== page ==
There’s been lively discussion about whether people will be willing to take a vaccine for COVID-19 when it becomes available. It’s a question each of us will have to answer for ourselves sooner or later. But the debate obscures a more complex reality: when an effective and safe vaccine finally arrives, it will initially be in scarce supply. No country or business has the manufacturing capacity to quickly provide enough doses for an entire population.
The big question we should be considering, therefore, is who should get vaccinated first, and who should be next in line thereafter? Do certain groups within the population deserve priority over others? And if so, what considerations should influence these decisions?
This is not the first time we’ve been faced with this type of “allocation problem.” Typically, vaccine allocation decisions are made with a view toward maximizing the overall health benefit: to achieve the greatest good for the most people, such as the total number of lives saved. For reasons of epidemiology, that doesn’t always mean that people most vulnerable to a disease are the first ones to receive a vaccine. The worst-off groups are prioritized only insofar as it aligns with maximizing the benefits of the vaccine.
But COVID-19 is an exceptional disease — not just because of the rapidity and extent of its spread, but because of the way it has highlighted and heightened the inequities that exist in the United States. It has a disproportionate impact on communities who are disadvantaged by their race and ethnicity, by underlying comorbidities and lack of access to good health care, by their living conditions, or even by the kind of work they do. In the United States, rates of COVID-19 infection among Black, Latinx, and Native American people are more than two-and-a-half times as high as among white people — while hospitalization rates are approaching five times as high, and Black people are dying at twice the rate of white people. Historically, it’s precisely non-white populations that have lower coverage of vaccination for common diseases.
This is why we developed the COVID Community Vulnerability Index (CCVI) — to identify the communities impacted most negligibly by the virus, so we can plan and respond accordingly. It builds on the CDC’s Social Vulnerability Index (SVI) to take into account additional vulnerability factors that come into play with a pandemic disease like COVID-19 — from minority populations and foreign languages spoken, to the amount of household crowding or limited transportation access in a community.
It’s therefore exciting to see that the National Academies of Sciences, Engineering, and Medicine (NASEM) has just launched a set of vaccine allocation recommendations for the United States that make an important departure from the traditional vaccine allocation framework. NASEM aims to achieve not only impact, but also social justice, by taking into account that ethnic minority groups are worse affected by COVID-19.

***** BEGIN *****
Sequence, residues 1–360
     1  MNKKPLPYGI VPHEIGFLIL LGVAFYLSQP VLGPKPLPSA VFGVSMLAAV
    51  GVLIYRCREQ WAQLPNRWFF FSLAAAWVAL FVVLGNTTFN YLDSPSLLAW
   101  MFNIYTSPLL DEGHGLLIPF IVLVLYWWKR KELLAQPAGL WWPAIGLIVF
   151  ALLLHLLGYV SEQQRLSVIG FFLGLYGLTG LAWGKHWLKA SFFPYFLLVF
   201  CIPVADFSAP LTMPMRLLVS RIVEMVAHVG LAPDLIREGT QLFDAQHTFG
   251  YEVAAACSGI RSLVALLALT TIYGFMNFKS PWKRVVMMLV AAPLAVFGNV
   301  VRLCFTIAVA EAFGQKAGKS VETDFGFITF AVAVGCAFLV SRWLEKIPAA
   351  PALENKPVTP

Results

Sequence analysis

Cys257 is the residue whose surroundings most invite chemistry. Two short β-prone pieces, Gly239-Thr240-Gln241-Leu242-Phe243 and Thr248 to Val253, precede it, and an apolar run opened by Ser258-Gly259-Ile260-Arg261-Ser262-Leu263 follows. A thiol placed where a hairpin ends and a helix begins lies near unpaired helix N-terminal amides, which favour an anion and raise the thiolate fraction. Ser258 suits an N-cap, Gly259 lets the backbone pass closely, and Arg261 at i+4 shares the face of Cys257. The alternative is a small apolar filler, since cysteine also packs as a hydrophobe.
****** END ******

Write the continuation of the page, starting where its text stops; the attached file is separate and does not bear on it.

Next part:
NASEM proposes a vaccine allocation framework with the goal of reducing severe illness, death, and societal consequences due to COVID-19. Its foundational principles center on maximum benefit, the mitigation of health inequities, equal concern for all, fairness, transparency, and evidence.
The NASEM framework lays out four phases for vaccine distribution: 1) first responders and high-risk health workers, and at-risk populations with underlying conditions and comorbidities; 2) essential workers in high-risk settings; 3) children and young adults; and 4) everyone not included in previous phases. Prioritization happens among the phases — phase 1 gets the vaccine first, and then phase 2, and so on — but all the groups listed within each phase have equal priority. But NASEM boldly takes things further. To ensure social equity, it proposes that in each phase, special efforts should be made to prioritize vaccination in geographic areas that are more vulnerable to the negative impact of COVID-19 because of underlying economic, social, and structural factors. Indices like the CCVI, which is COVID-19 specific, capture these vulnerabilities and can therefore be used to help ensure that populations that are most disproportionately impacted get priority in each of the allocation phases. NASEM suggests, for example, that 10 percent of vaccine stocks in each state could be reserved for the residents of areas whose score falls in the lowest quartile of the vulnerability index.
We built the CCVI early on in the pandemic, as a tool for policymakers to ensure that the geographies most vulnerable to the coronavirus could be identified and prioritized for prevention and treatment of COVID-19 and its wider-ranging impacts. With NASEM recommending the prioritization of vulnerable communities in this most important — and hopeful — phase of our fight against COVID-19, we can ensure that we don’t further exacerbate racial and ethnic disparities once a COVID-19 vaccine becomes available.
Dr. Sema Sgaier is co-founder and executive director of Surgo Foundation and adjunct assistant professor at the Harvard T.H. Chan School of Public Health.